"It's not the load that breaks you down. It's the way you carry it." -Lena Horne
As a young couple, my husband and I were often, by our nation's standards, 'poor'; we have been unemployed while doggedly seeking employment, we have bounced checks, been at a loss as to where money desperately needed was going to come from, and many times simply had to do without. We have heard the dead silent response to our worriedly whispered, "What are we going to do?" and we have, more than once, had to pull items from the grocery bags until the check-out ticket total matched the dollars in our wallet. Growing up, both of our individual families went through periods without much money; my father was a farmer and his was a contruction electrician and the seventies was a tough times for both of them. After years of hard work and good fortune, we now finally find ourselves (for the time being and relatively speaking) financially secure. I've always advised my kids that the only way to be financially secure is to live slightly below your means, whatever those means may be, though I know first hand, when your means are not enough for your basic needs, this is pretty useless advice. Though having money has never made us happy, I know the lack of it has often made me terribly miserable; as Bernadette Peters says in The Jerk, "It's not the money -it's all the stuff." Currently in this country almost 14% of the population, 1 in 7 people in the US, are receiving food stamps and I am pointedly and personally aware of the chasm between The Haves And The Have Nots (click here) living side by side in our society. I don't want to glamorize poverty, but I can honestly say there are lessons and experiences only gained by having to learn to get by. One gain from ourselves, or our parents and grandparents, living without is the family recipes for getting through hard times. Yesterday, when I was making up our weekly menu, I asked for family input and my oldest daughter (recently returned from Austin, Texas and her own personal experiences with Not Having and Hardship) requested we make Kidney Stew, a family recipe for diced kidneys in a German-style sour sauce. This recipe is from my husband's childhood; he learned to make it from his mother, who learned to make it from her mother. When my mother-in-law made this in the seventies, kidneys were cheaply bought. Raising our own meats as we do now, we utilize all parts of the animals, including the kidneys. This is not a glamorous dish but a favorite family recipe enjoyed equally whether living in poverty, or with plenty.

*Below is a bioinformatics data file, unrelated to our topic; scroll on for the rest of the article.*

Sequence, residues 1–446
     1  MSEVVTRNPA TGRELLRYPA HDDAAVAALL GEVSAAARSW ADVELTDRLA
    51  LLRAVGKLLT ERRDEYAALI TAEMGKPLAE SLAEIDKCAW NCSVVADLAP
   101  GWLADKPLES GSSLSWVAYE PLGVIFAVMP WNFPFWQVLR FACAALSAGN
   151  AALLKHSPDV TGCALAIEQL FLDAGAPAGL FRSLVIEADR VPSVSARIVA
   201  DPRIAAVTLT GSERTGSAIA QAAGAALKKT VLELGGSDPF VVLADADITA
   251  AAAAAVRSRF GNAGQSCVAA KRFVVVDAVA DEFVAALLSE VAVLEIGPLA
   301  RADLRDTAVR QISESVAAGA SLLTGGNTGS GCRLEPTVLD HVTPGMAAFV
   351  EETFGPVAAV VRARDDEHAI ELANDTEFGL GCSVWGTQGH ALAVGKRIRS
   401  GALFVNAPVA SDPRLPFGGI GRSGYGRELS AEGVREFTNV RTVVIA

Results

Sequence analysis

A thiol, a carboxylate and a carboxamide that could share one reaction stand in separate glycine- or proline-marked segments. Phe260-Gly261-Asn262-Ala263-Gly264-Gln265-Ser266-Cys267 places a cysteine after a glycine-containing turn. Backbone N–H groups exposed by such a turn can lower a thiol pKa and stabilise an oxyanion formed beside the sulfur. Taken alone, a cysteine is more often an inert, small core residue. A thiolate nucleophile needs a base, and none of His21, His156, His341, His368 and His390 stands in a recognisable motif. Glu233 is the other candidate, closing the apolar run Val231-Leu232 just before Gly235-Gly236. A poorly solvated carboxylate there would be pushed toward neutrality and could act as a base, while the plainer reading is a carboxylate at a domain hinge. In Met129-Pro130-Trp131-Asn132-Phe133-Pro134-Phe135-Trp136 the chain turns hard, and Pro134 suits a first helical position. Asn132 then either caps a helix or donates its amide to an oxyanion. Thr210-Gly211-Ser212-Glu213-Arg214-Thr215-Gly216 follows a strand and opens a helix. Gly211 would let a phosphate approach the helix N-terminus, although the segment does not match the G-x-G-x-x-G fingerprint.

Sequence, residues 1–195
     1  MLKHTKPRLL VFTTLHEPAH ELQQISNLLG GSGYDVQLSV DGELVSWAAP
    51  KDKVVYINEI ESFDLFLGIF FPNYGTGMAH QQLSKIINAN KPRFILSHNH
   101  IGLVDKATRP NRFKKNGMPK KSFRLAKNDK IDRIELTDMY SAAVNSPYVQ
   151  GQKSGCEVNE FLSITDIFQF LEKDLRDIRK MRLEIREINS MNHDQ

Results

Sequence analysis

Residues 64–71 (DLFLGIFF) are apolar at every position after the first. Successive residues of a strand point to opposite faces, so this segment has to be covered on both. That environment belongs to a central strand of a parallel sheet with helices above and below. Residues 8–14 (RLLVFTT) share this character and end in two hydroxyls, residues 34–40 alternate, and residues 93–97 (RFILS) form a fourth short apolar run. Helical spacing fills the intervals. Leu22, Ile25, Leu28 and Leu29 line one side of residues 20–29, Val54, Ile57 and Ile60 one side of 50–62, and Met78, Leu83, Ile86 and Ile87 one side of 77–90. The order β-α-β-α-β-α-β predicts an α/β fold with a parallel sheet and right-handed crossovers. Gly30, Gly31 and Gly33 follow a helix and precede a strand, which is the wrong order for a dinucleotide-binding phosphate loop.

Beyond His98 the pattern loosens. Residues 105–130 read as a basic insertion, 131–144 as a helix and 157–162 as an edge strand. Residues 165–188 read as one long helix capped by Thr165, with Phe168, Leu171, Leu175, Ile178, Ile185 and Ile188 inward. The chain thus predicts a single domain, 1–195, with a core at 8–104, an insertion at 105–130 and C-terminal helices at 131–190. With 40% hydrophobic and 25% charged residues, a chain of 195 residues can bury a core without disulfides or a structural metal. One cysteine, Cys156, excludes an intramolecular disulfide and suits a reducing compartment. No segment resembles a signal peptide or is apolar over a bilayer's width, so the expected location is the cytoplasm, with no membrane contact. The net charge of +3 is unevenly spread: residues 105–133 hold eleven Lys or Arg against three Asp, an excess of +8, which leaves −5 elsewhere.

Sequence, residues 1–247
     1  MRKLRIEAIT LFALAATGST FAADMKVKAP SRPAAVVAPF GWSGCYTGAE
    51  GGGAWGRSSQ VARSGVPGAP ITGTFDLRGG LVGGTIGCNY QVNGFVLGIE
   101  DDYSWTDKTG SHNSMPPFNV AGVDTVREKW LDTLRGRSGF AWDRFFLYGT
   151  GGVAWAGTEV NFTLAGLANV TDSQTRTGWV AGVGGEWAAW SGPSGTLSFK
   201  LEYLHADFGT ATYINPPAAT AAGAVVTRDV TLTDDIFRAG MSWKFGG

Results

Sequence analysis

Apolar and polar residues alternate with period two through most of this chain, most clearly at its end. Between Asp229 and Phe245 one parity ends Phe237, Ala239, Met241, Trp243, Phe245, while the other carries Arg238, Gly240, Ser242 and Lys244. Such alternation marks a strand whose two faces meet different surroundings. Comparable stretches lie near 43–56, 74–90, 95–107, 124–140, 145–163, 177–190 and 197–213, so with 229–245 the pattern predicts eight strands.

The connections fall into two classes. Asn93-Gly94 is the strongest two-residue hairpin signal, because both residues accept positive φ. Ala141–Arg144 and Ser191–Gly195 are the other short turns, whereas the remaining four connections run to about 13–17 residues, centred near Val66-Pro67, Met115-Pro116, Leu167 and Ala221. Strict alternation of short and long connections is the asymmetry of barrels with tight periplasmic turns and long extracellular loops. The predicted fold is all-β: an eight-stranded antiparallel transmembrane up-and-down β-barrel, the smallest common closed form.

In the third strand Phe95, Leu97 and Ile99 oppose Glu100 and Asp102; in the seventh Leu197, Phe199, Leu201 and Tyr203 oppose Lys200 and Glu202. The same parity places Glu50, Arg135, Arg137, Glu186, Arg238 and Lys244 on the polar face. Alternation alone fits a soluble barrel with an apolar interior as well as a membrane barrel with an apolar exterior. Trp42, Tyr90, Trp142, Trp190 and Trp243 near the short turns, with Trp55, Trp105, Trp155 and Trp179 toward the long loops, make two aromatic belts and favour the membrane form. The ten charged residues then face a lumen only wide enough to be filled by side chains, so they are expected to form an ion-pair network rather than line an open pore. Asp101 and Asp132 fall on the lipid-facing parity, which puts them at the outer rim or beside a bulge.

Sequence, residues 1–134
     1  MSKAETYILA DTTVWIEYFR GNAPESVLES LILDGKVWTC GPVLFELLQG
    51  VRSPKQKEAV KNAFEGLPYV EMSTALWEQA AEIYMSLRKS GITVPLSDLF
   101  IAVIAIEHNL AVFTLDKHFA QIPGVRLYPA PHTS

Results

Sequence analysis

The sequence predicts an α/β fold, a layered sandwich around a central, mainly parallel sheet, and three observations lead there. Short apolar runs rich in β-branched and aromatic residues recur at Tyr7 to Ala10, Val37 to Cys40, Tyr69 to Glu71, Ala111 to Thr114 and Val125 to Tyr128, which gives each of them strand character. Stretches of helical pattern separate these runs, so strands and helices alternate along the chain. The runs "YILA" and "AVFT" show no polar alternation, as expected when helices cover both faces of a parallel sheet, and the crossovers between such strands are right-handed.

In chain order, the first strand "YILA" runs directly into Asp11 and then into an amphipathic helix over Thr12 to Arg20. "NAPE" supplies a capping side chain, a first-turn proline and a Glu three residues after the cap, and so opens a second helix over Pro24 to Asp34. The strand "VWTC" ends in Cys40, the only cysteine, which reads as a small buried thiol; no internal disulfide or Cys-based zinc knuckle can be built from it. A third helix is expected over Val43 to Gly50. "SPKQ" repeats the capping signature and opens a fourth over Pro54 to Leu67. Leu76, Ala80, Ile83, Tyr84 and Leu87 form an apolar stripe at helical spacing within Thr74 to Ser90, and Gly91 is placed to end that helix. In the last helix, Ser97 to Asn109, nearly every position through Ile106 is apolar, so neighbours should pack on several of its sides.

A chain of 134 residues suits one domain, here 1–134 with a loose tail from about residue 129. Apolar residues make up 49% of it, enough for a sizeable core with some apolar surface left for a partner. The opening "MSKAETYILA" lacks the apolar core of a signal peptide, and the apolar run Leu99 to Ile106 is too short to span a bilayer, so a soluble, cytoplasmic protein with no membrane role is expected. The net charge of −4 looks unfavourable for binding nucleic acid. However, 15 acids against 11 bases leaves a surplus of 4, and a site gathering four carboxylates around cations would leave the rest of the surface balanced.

Kidney Stew or German-style Kidneys in Sour Sauce
Prepare kidneys by peeling and then soaking in salted water or water with 1-2 T. vinegar for one hour (optional, if you know the freshness and source of your meats). Remove all fatty bits and then dice beef, pork or lamb kidneys: 1 beef kidney, 4 pork kidneys or 6-8 lamb kidneys for a family of five.
Heat: 2 T. each butter and canola oil
Dice: 1/2 - 1 onion
Saute onion until lightly browned, 10 minutes or so. Add diced kidneys (drain if they were soaked) and continue cooking until pinkish-brown, 5 minutes or so.
Add: 1/3 - 1/2 c. flour
1 1/2 c. water or stock
2 T. vinegar
salt and pepper to taste
Dash Worcestershire Sauce
Stirring constantly, bring to a boil and make a smooth sauce. Reduce heat and simmer 10-15 minutes. Add more water, if needed and/or vinegar, and salt and pepper to taste. Serve over toast, rice, potatoes or noodles with a small pitcher of vinegar for those who want to add more at the table.